After media giants, campus publications also 'unsafe' – student groups
MANILA, Philippines—“Kung may kakayahan ang gobyerno na bantaan ang Rappler, ABS-CBN, what's stopping them from doing it sa alternative media groups at student publications?”
(If the government is able to threaten Rappler and ABS-CBN, what’s stopping them from doing the same to alternative media groups and student publications?)
This is the argument made by Philippine Collegian editor-in-chief Beatrice Puente on Wednesday, Febraury 26 in a mobilization organized by the UP College of Mass Communication (CMC) Student Council. Various campus publications and student organizations joined the protest at the state university, calling to stop the attacks against media practitioners. (READ: Campus publications call for autonomy, protection of press freedom)
The students remained committed to their call for press freedom, citing Solicitor General Jose Calida's move to void the franchise of ABS-CBN, the Philippines' biggest network.
Congress has the mandate to issue, renew, or cancel broadcasting franchises, but Calida brought the matter to the High Court.
“Kung ganito na lang kadali sa gobyerno na basurahin ang malalaking media groups, malinaw sa atin na hindi tayo safe (If it is so easy for the government to kick out giant media groups, it’s clear to us that we are not safe),” she added.
Puente also emphasized the importance of taking part in mobilization protests that push for a free press.
“Warm bodies in a protest show that we're not afraid,” Puente said.
This was echoed by Miggy Arnonobal of the UP Broadcast Guild as he urged his fellow campus journalists to continue being watchful of the government.
“Hindi lang natin dapat bantayan ngayon ang pagpapasara sa ABS-CBN. Bantayan rin natin ang pasismo laban sa mga maliliit na organisasyon, community papers na mas kritikal pa lalo kay Duterte,” he said.
(We shouldn’t just pay attention to what the government is doing to ABS-CBN. We should also be watchful of the fascism shown against small organizations, community papers who are more critical of Duterte.)
Duterte himself has repeatedly denounced media he perceived to be critical of his administration.
Aside from threats against ABS-CBN, Duterte often lashed out at the Philippine Daily Inquirer and Rappler for its coverage of his anti-illegal drug operations and other administration policies.
For Cecilia Munsod of Union of Journalists in the Philippines-UP (UJP-UP), the attacks by the government on free speech and press freedom can be likened to the time of martial law, which suppressed any critical reportage or portrayal of the late dictator Ferdinand Marcos’ regime.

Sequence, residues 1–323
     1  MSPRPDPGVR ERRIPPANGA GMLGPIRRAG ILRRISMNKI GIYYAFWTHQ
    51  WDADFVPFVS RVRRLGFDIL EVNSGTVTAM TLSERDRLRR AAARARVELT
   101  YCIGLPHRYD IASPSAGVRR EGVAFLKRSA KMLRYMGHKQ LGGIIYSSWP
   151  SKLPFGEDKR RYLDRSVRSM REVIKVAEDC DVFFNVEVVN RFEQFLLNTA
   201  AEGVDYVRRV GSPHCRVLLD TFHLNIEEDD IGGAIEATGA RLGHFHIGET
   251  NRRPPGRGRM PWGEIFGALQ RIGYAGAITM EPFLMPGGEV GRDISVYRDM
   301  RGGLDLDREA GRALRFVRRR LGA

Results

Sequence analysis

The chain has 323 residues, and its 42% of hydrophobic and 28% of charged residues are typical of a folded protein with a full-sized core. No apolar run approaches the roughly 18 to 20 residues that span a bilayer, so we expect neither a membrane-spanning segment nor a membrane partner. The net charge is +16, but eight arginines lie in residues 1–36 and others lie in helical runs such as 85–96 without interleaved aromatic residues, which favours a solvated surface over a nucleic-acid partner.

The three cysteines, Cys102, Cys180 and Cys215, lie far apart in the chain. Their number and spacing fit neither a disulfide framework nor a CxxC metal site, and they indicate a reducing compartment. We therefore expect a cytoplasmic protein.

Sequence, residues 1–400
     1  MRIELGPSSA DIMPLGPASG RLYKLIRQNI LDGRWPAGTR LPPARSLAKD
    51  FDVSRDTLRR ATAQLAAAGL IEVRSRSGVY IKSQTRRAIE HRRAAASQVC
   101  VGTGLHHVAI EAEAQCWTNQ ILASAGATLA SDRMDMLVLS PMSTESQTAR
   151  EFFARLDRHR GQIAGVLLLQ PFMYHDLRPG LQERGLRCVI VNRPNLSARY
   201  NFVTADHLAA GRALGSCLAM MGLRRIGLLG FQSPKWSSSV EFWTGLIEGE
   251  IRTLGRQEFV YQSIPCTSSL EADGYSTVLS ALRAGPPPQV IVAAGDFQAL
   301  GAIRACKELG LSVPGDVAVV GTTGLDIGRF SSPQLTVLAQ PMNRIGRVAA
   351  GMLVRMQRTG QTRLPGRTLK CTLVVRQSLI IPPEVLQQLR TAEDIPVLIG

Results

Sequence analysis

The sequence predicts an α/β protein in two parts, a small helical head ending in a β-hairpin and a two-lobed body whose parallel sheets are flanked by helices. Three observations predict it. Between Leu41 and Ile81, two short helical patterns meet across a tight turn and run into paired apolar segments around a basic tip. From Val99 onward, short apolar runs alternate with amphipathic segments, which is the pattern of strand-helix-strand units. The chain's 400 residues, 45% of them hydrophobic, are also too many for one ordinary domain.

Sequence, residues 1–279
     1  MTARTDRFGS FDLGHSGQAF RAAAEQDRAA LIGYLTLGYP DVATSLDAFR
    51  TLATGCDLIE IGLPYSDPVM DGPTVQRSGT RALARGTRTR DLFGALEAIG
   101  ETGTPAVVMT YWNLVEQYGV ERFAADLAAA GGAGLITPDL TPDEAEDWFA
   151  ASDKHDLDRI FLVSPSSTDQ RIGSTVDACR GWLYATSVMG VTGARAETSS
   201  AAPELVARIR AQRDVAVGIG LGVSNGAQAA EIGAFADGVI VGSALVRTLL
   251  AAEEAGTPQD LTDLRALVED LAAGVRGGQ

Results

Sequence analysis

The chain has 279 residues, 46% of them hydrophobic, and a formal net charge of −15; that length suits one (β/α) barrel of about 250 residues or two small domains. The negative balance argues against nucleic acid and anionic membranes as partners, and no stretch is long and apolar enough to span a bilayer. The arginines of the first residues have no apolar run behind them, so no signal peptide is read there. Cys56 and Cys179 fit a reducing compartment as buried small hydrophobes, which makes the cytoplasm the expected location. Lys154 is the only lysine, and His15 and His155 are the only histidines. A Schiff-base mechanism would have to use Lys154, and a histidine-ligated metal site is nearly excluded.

“Nakikita natin na ang nangyayari ngayon ay second coming ng Martial Law, kung saan ang midya ang unang pinunterya ni Marcos. Ito ay dahil makapangyarihan ang midya sa pagpapalaganap ng ideolohiya,” Munsod said.
(What’s happening now looks like the second coming of Martial Law, when the media were the first to be attacked by Marcos. This is because of how powerful the media can be in spreading ideology.)
The next generation
UP CMC Dean Arminda Santiago reminded students of media's crucial role, citing how the group was one of the first to release a statement of support for the broadcast giant soon after the petition was filed.
“Ang midya ay simbolo ng demokrasya na kailangan nating alagaan. Hindi tayo papayag na bubusalan ang midya. Ipaglaban natin ang karapatan natin sa impormasyon,” Santiago said.
(The media is a symbol of democracy that we need to protect. We will not allow them to gag us. We have to fight for our right to information.)
UP Journalism professor Danilo Arao highlighted the importance of the youth when press freedom is under attack.
“Kung walang kabataan, hindi tayo makakapagpatalsik ng diktador noong 1986. Kung walang kabataan, hindi tayo makakapagpatalsik ng isa pang corrupt na administrasyon noong 2001...Nakatutuwa na hindi kinakalimutan ng ilang sektor ng kabataan ang kanyang saligang tungkulin…para sa kinabukasan ng ating bayan,” Arao said.
(Without the youth, it would be impossible to oust a dictator in 1986. Without them, we would not be able to unseat another corrupt regime in 2001. Glad to see that there are members of the youth sector who have not forgotten their basic duties…for our nation’s future.)
The protest, meanwhile, also urged Congress to pass the bill renewing ABS-CBN’s franchise.
In a Senate hearing on Monday, Febraury 24, government officials cleared the network over issues of taxes, labor conditions, pay-per-view services, and Philippine Depositary Receipts.
On this same occassion, ABS-CBN president and CEO Carlo Katigbak apologized for having offended President Rodrigo Duterte.
Days later, Duterte accepted the apology but clarified that this did not guarantee an end to the network’s franchise troubles, saying its fate lies in Congress.– with reports from Alois Isinika, Vhea Mae Tapanan and Tinig ng Plaridel/Rappler.com